For the Love of God, Volume 1/August 1
From Gospel Translations
Judges 15; Acts 19; Jeremiah 28; Mark 14
ONE OF THE STRANGEST ACCOUNTS in the book of Acts concerns the seven sons of Sceva (Acts 19:11-20). Paul’s ministry in Ephesus lasted some considerable time, perhaps two and a half years, and during that time “God did extraordinary miracles through Paul” (19:11). The result is that various “competitors” tried to keep up with him. By itself, this was not surprising. It has always been so. When God especially empowered Moses to perform miracles before Pharaoh, the magicians of Egypt could reproduce most (though not all) of what he did.
So in Paul’s day some Jews steeped in syncretism traveled around, engaging in some kind of deliverance ministry. They had little idea what they were engaged in. When they saw what Paul was doing in the name of Jesus, they started to refer to that name too, as if it were nothing more than some magic talisman: “They would say, ‘In the name of Jesus, whom Paul preaches, I command you to come out’” (19:13).
The seven sons of Sceva, a Jewish priest, were particularly engaged in this operation. One day the evil spirit they were trying to exorcise talked back to them: “Jesus I know, and I know about Paul, but who are you?” (19:15). Then the man possessed by this spirit leaped on them and beat up all seven of them. Note:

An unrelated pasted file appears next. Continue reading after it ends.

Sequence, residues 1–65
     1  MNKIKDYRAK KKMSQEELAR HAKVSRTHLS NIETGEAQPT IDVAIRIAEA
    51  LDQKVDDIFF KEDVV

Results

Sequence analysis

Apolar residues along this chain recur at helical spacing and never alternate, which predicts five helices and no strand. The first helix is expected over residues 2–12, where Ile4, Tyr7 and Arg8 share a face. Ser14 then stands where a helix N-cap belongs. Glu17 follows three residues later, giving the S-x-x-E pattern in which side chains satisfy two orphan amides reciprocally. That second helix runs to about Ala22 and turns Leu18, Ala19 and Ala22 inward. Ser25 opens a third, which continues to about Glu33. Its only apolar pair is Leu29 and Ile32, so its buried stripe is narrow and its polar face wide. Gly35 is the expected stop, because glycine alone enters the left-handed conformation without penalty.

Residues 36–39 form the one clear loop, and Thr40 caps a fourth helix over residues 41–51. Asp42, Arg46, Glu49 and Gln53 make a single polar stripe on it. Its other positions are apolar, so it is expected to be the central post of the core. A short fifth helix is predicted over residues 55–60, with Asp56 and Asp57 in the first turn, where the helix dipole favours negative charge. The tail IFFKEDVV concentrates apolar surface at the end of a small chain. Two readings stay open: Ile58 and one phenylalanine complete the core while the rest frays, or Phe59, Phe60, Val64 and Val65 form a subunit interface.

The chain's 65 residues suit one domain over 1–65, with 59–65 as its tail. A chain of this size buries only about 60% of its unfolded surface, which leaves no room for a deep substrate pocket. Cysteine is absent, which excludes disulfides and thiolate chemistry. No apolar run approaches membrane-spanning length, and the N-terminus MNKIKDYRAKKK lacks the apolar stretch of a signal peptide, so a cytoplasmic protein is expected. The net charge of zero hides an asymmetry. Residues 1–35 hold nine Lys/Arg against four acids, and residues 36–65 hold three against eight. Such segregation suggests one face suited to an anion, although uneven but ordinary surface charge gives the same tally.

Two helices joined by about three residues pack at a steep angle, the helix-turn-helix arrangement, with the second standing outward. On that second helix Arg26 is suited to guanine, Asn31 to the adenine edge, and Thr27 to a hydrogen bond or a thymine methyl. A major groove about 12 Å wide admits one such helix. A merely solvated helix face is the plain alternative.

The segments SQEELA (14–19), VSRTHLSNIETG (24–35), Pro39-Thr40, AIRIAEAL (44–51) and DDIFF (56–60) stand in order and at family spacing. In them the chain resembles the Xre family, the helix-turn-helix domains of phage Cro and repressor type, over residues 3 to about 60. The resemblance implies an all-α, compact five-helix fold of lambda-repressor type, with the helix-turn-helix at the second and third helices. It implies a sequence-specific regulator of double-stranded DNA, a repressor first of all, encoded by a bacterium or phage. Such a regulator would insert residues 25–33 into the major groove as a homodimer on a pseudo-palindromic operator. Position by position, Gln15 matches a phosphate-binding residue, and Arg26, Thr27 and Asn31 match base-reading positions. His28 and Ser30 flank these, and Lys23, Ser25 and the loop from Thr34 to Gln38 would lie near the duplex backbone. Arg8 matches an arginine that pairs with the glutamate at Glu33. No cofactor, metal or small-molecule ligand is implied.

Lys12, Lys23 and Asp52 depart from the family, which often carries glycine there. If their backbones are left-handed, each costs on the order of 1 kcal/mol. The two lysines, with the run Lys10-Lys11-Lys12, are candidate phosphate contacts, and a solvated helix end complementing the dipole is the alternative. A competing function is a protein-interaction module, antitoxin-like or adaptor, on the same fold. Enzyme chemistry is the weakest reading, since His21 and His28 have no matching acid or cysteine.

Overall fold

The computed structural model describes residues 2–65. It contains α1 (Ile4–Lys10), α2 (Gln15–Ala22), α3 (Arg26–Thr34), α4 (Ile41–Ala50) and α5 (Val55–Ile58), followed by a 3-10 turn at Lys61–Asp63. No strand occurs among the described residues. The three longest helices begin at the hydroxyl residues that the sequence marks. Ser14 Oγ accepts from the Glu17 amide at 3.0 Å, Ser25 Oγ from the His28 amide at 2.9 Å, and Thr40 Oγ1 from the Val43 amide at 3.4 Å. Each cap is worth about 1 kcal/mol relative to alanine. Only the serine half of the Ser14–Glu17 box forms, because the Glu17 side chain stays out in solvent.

First, the result of this encounter was entirely beneficial. When the story circulated, many were seized with a healthy fear and an enlarged respect for the name of the Lord Jesus. This was a name so powerful that it could not be treated as a magic formula. This name could not be domesticated. The result was that infatuation with occult practices was curbed. Many confessed their evil deeds, and others brought their occult books and burned them, totaling an enormous value (19:17-19). “In this way the word of the Lord spread widely and grew in power” (19:20).
Second, the really striking element is the utterance of the evil spirit: “Jesus I know, and I know about Paul, but who are you?” One can understand why Jesus would be known among demonic powers. There is no surprise there. But Paul is known too! His ministry had been assaulting the powers of darkness. He was known to be protected and defended by the living Christ—there is no way the demon could have used the possessed man to beat him up. These other characters were another matter; as far as the demon was concerned, they were a bit of a joke, easily ignored, easily subdued and shamed. But Paul was known!
Christians engaging the Enemy will be known not only in the courts of heaven but in the courts of hell.